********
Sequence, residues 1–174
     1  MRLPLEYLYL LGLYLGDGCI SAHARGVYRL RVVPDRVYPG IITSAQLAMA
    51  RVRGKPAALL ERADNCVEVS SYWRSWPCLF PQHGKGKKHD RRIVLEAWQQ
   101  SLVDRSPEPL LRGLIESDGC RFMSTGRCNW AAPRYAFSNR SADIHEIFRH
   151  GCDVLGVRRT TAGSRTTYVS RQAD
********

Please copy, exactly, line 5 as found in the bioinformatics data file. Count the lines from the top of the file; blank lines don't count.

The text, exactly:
   151  GCDVLGVRRT TAGSRTTYVS RQAD